The Importance of Adding a Data Strategy to Your Business Strategy

The Importance of Adding a Data Strategy to Your Business Strategy

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A business strategy is something that is considered sacred by most companies. Offsite meetings with top executives are held to prepare and discuss the strategy. The business strategy usually goes through several iterations before it is presented to the Board of Directors for review and approval. Sales are discussed. Marketing plans are floated. Production/Purchasing is scheduled. IT gets new hardware and software. Data is…

That’s right, data is probably not even mentioned. At best its considered part of IT. A data strategy is considered an oxymoron. But next to the people in your organization, data is your most important asset. Data touches every aspect of your business – sales, marketing, production, purchasing, etc. Everything is driven by data. How much did we sale? What is our expected response rate? How many pieces of part B do we need to buy? Ironically, without your data, you won’t know if your business strategy is successful or on track. Then why do most companies tend to treat data like a rented mule?

People tend to only become aware of data when there is a problem. But there are many hidden costs associated with poor data that could be costing you money or opportunities right now, such as revenue leakage, poor customer service and production losses and delays.

A data strategy is not just about the physical managing of the data. It’s really about making sure your data can deliver the right information, in the right hands, at the right time, to enable your organization to make the right decision.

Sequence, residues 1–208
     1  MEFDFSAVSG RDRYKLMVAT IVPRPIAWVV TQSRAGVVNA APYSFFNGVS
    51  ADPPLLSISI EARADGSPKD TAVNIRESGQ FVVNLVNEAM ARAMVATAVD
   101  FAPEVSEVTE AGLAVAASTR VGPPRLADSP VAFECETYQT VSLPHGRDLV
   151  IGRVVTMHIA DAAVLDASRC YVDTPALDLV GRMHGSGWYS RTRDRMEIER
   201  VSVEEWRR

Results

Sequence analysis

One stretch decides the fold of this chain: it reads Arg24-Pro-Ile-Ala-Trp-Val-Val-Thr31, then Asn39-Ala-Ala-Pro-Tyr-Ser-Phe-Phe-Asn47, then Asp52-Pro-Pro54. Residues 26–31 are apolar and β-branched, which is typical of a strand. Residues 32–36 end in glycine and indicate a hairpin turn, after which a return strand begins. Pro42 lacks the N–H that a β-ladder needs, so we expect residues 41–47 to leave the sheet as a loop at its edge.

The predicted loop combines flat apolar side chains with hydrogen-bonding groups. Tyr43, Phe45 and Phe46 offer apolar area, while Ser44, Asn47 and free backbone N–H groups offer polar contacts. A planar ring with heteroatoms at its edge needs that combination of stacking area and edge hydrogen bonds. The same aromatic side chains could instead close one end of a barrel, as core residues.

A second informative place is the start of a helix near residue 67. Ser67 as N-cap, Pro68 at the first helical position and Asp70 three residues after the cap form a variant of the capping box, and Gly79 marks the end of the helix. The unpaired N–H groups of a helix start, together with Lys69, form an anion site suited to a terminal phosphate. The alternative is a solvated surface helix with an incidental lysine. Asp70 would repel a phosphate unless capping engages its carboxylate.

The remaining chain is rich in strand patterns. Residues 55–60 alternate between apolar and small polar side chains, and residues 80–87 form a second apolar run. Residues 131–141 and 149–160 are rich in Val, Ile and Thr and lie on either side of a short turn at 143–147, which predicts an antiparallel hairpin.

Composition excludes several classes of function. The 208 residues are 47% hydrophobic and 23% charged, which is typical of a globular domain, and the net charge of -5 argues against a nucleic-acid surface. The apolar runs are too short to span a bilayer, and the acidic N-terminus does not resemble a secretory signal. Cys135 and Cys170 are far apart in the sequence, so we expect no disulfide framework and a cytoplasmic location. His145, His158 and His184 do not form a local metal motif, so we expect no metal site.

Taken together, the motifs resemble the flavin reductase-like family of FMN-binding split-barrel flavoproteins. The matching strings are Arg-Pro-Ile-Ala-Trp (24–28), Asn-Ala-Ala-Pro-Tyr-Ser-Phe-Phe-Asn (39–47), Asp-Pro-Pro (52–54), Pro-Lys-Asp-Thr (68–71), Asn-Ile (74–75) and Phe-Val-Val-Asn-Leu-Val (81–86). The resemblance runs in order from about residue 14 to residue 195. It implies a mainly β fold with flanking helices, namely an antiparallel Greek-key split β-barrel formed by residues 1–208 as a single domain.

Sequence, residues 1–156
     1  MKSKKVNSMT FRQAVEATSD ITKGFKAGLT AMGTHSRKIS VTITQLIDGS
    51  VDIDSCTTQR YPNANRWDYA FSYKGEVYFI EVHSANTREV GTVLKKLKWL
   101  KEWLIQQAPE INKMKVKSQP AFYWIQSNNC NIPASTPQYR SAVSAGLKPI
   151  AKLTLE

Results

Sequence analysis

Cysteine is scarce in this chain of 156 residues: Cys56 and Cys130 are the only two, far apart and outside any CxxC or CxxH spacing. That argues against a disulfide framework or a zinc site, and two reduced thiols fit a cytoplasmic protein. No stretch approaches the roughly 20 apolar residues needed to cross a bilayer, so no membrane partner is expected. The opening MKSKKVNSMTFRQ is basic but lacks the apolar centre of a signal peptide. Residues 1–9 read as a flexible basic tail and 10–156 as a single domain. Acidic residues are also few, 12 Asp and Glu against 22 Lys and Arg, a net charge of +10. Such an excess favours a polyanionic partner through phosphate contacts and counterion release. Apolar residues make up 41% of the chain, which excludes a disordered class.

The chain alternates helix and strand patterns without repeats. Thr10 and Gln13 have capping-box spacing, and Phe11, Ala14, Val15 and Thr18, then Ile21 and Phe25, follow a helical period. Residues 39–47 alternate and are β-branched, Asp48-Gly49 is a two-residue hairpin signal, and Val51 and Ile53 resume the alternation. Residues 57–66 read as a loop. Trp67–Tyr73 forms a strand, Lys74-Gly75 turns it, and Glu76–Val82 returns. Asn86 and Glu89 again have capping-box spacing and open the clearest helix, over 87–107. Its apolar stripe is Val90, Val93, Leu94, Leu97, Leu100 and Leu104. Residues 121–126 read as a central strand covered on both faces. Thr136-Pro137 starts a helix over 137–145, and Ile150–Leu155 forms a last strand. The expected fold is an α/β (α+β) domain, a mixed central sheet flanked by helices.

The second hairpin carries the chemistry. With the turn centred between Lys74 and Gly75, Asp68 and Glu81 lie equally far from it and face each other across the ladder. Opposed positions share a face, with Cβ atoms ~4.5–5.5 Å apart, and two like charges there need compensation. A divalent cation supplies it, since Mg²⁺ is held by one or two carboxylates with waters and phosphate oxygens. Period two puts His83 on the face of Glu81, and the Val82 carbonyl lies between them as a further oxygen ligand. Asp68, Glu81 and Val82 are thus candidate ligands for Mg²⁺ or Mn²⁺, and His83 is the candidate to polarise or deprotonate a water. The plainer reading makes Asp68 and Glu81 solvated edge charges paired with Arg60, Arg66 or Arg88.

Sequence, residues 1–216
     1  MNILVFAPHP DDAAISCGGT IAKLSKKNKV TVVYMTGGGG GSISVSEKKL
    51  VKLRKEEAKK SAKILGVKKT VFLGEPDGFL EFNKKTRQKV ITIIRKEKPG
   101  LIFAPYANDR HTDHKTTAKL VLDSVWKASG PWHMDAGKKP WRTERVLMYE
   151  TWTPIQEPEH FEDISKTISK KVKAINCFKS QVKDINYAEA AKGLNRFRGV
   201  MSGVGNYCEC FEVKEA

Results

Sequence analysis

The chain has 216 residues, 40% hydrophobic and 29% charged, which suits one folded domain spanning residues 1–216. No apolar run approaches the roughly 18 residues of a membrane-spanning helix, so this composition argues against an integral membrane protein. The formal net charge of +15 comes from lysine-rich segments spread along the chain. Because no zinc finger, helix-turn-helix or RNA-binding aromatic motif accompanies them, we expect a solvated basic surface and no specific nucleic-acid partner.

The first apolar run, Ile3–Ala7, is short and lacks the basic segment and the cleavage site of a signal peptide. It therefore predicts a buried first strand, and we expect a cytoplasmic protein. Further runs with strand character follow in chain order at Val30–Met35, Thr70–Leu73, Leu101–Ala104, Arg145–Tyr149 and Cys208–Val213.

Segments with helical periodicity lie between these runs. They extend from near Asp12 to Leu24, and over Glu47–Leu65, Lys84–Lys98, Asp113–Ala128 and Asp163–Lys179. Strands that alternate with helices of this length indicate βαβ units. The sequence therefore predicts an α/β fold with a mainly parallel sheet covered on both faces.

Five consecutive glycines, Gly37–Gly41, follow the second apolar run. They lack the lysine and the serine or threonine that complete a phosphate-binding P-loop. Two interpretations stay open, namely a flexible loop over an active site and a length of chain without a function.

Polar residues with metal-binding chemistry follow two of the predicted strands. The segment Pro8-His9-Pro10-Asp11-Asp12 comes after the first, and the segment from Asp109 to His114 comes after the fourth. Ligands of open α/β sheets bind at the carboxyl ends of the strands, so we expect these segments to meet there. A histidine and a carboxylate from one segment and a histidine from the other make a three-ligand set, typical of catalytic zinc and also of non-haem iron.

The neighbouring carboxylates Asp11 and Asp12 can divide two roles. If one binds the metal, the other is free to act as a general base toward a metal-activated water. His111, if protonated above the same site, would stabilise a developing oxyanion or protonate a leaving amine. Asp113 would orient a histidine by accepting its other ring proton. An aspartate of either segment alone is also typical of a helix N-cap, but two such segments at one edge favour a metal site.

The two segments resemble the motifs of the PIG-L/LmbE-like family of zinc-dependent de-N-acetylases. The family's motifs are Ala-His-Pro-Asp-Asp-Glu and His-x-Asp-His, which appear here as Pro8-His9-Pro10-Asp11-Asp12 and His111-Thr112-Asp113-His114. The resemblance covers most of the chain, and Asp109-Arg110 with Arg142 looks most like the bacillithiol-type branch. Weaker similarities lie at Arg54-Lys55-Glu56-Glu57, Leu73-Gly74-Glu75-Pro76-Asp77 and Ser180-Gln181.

A data strategy, sometimes called data stewardship, has 4 components:

  • Management: which is the physical aspect of handling data. This component includes the hardware and software technology, but also the processes, both people and machine involved in managing the data.
  • Quality: providing current, accurate and consistent information whenever and wherever the data is accessed.
  • Business Intelligence: utilizing the data to yield better, more complete and more useable information. This is what some have called, putting the information back into information technology.
  • Security: controlling access to the data to ensure that those who are supposed to access the data can and those that aren’t supposed to access it can’t.

Of course, the common response when this topic is discussed is, “But I already have a data warehouse. Why do I need a data strategy?” The data warehouse is only as good as the data that is in it. If you don’t have the right data or can produce the right business intelligence when needed, all you have done is put all your data in on place. It’s like putting a dress on a pig – it’s still a pig.

A sound data strategy will enable your organization to deliver data that is current, consistent and accurate whenever it is used or accessed. This leads to improved business intelligence and better customer service.

So what should you do today? Like any asset, you need to inventory it. You need to determine what data your organization has, what are the sources of this data, i.e., internal departments versus external suppliers or vendors, who handles the data in your organization and what is the final state of this data after any manipulation.

A data inventory should be accompanied by a data assessment, to determine where the  weaknesses in your organization are that could impact achieving the full potential from your data. Additionally, this is a process that must be undertaken jointly by IT and the business people. IT knows about where the data is “buried” and the business people know their information needs. Additionally, this is not a project you can assign to the mail clerk or other entry-level person. The person in charge of this should be at a senior level with enough influence to get IT and the business people to work together.

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